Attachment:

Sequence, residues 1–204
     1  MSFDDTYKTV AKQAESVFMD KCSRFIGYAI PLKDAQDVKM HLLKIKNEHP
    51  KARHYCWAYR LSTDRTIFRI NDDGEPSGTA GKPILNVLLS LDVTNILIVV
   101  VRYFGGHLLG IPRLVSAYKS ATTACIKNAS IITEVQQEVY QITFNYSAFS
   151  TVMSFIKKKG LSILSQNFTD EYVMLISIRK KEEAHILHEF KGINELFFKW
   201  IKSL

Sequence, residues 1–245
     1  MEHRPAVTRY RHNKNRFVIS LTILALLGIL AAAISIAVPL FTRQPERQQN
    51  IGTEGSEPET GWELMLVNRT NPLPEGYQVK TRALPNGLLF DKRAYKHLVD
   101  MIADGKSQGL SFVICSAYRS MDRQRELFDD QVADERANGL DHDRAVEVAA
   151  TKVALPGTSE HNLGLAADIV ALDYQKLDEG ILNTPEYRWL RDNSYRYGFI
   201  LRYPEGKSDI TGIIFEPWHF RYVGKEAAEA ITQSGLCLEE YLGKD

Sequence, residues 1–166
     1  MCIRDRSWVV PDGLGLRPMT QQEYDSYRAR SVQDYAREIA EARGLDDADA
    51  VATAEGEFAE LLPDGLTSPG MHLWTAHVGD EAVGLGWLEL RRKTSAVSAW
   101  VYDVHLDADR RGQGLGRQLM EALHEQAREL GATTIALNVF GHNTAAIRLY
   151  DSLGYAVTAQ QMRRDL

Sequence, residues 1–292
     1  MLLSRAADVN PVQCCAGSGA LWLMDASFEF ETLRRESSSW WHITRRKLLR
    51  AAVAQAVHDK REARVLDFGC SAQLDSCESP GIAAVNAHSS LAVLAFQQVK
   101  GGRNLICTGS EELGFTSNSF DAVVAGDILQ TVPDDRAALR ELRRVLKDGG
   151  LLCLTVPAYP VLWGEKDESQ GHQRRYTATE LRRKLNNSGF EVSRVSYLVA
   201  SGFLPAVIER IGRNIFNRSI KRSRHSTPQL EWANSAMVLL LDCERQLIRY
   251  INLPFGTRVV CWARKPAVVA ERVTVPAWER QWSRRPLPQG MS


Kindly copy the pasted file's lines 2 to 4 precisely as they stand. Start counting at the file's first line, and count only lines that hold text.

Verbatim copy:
     1  MSFDDTYKTV AKQAESVFMD KCSRFIGYAI PLKDAQDVKM HLLKIKNEHP
    51  KARHYCWAYR LSTDRTIFRI NDDGEPSGTA GKPILNVLLS LDVTNILIVV
   101  VRYFGGHLLG IPRLVSAYKS ATTACIKNAS IITEVQQEVY QITFNYSAFS